Bradley let that thoroughly register with me before continuing. "But then in the 1920s, some scientists said they agreed with Pasteur that spontaneous genesis doesn't happen in a short time frame. But they theorized that if you had billions and billions of years-as the late astronomer Carl Sagan liked to say-then it might really happen after all."
"And that," I concluded, "is the basis for the idea that nonliving chemicals can combine into living cells if given enough time."
"That's exactly right," he said.
I told Bradley that in high school and college I was taught that the primitive earth was covered with pools of chemicals and had an atmosphere that was conducive to the formation of life. With energy supplied by lightning, chemicals in this "prebiotic soup"-over a period of billions of years-linked together and a simple life form emerged. From there, evolution took over.
"Who conceptualized that scenario?" I asked.
"Russian biochemist Alexander Oparin proposed in 1924 that complex molecular arrangements and the functions of living matter evolved from simpler molecules that preexisted on the early earth," he said. "Then in 1928, British biologist J. B. S. Haldane theorized that ultraviolet light acting on the earth's primitive atmosphere caused sugars and amino acids to concentrate in the oceans, and then life eventually emerged from this primordial broth.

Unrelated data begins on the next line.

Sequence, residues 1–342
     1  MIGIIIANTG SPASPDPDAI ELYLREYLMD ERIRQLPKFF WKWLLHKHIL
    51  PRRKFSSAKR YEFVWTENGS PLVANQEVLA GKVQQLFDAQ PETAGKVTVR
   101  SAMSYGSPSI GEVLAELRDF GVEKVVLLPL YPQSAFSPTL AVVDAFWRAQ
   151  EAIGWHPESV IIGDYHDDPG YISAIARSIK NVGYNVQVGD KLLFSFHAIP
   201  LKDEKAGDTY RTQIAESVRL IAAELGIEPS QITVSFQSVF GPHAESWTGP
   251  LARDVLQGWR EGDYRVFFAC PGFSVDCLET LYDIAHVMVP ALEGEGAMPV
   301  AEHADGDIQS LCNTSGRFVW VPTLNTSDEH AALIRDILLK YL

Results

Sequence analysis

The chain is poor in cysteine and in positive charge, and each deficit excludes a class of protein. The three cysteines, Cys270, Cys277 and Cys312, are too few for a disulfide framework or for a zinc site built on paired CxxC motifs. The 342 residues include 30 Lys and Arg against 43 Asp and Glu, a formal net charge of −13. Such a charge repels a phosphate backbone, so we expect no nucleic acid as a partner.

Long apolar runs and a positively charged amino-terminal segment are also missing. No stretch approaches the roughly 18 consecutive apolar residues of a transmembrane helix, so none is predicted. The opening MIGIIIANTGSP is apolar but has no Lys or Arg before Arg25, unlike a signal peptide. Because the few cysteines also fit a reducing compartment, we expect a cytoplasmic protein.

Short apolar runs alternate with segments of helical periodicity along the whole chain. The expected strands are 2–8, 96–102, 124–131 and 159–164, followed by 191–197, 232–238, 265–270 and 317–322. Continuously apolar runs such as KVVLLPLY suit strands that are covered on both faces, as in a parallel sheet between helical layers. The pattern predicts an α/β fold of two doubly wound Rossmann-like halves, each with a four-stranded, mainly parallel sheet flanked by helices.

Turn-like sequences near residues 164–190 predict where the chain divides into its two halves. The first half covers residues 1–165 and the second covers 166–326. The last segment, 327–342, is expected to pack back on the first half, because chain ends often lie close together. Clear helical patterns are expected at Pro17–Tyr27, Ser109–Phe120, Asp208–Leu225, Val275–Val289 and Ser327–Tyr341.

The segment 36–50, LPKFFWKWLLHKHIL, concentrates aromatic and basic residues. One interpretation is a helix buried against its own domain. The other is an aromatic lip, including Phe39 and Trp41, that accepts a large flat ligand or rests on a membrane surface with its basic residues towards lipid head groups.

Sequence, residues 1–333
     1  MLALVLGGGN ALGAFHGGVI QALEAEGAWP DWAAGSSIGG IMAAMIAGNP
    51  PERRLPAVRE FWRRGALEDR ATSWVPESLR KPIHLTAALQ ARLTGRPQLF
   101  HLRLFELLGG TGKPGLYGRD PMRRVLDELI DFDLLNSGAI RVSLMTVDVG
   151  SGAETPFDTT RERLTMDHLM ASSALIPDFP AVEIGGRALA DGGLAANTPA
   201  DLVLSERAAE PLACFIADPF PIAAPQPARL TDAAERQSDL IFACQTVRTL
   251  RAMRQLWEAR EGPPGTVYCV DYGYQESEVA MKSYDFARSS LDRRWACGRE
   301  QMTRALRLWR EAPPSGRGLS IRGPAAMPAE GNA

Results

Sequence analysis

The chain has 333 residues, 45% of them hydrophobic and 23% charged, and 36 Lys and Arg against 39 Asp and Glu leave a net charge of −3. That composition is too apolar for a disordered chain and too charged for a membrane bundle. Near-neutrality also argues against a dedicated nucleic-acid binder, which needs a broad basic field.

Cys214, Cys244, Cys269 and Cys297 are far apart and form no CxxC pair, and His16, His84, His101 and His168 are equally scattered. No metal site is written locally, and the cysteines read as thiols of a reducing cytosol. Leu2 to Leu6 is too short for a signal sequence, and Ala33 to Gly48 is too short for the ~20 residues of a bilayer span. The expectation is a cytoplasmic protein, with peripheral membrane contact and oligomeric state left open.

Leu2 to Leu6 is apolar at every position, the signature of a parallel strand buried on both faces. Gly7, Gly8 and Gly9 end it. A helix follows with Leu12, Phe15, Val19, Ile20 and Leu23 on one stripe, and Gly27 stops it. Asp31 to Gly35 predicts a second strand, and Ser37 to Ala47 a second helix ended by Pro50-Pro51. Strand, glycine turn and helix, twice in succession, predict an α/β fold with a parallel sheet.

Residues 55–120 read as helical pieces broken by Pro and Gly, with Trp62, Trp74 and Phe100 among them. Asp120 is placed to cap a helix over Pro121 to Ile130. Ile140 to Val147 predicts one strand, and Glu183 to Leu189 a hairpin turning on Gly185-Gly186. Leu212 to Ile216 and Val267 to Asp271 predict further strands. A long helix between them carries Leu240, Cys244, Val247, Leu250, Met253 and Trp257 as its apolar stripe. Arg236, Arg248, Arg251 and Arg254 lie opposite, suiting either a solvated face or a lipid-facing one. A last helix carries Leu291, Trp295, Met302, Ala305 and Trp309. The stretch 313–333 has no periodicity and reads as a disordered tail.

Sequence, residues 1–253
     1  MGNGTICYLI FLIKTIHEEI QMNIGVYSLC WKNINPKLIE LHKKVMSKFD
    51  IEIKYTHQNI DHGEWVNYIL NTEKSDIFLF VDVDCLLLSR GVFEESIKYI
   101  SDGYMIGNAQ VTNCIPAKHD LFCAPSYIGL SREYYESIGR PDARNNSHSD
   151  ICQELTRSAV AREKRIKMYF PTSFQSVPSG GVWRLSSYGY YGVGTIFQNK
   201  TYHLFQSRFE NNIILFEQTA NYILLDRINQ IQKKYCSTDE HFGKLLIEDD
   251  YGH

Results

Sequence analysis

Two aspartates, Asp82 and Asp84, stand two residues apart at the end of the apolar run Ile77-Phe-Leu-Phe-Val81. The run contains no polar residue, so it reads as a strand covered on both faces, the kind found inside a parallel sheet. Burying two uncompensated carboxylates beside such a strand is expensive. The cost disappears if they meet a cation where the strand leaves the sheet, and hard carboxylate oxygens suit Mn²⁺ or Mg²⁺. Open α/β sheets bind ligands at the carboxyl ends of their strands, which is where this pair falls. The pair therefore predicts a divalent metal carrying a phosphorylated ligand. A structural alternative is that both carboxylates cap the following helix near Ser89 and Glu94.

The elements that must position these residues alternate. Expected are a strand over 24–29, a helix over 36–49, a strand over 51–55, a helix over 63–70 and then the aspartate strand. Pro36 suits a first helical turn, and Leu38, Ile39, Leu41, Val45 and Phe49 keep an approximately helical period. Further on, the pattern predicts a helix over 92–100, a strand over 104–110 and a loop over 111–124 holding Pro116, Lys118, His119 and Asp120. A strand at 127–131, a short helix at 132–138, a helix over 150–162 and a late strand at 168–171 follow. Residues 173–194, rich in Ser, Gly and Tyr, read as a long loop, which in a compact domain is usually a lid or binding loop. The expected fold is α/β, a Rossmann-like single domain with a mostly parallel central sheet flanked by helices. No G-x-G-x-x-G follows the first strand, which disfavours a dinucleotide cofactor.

"Later Nobel Prize winner Harold Urey suggested that earth's primitive atmosphere would have made it favorable for organic compounds to have emerged. Urey was the Ph.D. advisor to Stanley Miller at the University of Chicago, and it was Miller who decided to test this experimentally."
Miller's name rang a bell. I remember being taught in school about his landmark experiment in which he recreated the atmosphere of the primitive earth in a lab oratory and shot electricity through it to simulate the effects of lightning. Before long, he found that amino acids-the building blocks of life-had been created. I can remember my biology teacher recounting the experiment with an infectious enthusiasm, suggesting it proved conclusively that life could have emerged from nonliving chemicals.
"This experiment was hailed as a major breakthrough at the time, wasn't it?" I asked.